Spiders from Russia

I’ve been getting a fair amount of spiders from Russia hitting my website?

With Russia being one of the Cyber-Criminal capitals of the world, should I be concerned?? :-/

Debbie

no

let them have access to your site just like everybody else

How do you know that these are spiders?

It is true that there is a fair amount of malicious activity coming from Russia. If you see any negative effect like many fake registrations, SPAM or just load on your servers you might want to consider preventing access from Russia all together.
This is assuming your business does not target the Russian audience and you do not care about being indexed by Russian search engines like Yandex.

It’s called the World Wide Web for a reason. Besides, there are enough spammers elsewhere in the world, including America and Britain.

This is an empty statement that does not really help anybody.
I don’t understand your point. Are you saying that because spam is a global problem we should leave it to be?

If a site owner spends 1 hour a day removing fake registrations and blocking a country (which no HUMAN visitor comes from) prevents half of them it frees up 30 minutes a day, 3.5 hours a week… Why not do that?

BTW I don’t know what statistics you are looking at but Britain are not too strong in spam.

In my opinion the reason the Internet has become so powerful is because it brings the world together. Any site or service that chooses to block people because they’re from an area where spam is rampant is not a site that I want to use.

My comment has a message behind it, and that message does nothing but help when discussing the Internet.

Or, you know, you could always beef up your validation rules and work on your own anti-spam measures?

Any Web Developer worth their money should be capable of reducing spam significantly. I work for a company that holds a number of large websites and we are regularly targeted by spammers. The last time I had to clear spam out of our database was last year because one of us accidentally uploaded the wrong form.

From a technical perspective, blocking by country is easy to get around and I’d be shocked if a spammer couldn’t get around it. Hell, I can get around most services like YouTube through nothing more than a freely-available Firefox extension.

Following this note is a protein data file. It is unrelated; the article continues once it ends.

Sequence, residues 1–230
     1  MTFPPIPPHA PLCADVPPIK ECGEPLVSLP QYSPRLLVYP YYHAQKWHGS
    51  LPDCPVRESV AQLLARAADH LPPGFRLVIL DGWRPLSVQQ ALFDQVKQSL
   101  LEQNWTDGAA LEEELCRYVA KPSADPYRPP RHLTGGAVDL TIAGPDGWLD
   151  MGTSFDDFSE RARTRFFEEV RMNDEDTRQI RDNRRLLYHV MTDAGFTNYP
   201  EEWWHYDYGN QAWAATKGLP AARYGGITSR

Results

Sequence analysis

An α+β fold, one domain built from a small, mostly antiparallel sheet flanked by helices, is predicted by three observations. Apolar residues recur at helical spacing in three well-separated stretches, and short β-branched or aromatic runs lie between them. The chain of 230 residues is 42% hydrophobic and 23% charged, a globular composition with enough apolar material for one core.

I never stated any statistics. I know for a fact that people in Britain spam because I’ve worked with enough companies that employ dodgy tactics, such as mass-emailing, multiple account creation through proxy services, deals with virus manufacturers and link farms, etc.

As you stated, spam is a worldwide problem and you simply won’t get rid of it by blocking certain parts of the world.

First of all, Debbie, sorry for jumping your thread but it is an interesting discussion.

I see now the difference in our perspectives.
You work for a company with enough resources and knowledge to implement solutions. I work for a company that helps those people that don’t have the resources or the knowledge to deal with the problem by themselves.
You are discussing the Internet and I am discussing down to earth particle security measures that will help you run your web site.

Although our solution does not involve geo-blocking, for many people trying to do business on the Internet it works. Why? You say you would not want to use a site that blocks certain geographies. But if you live in Britain, and the web site targets Britain you will not be blocked. Why would people work overtime to deal with spam coming from a country that does in bring them any income? For the sake of the Internet?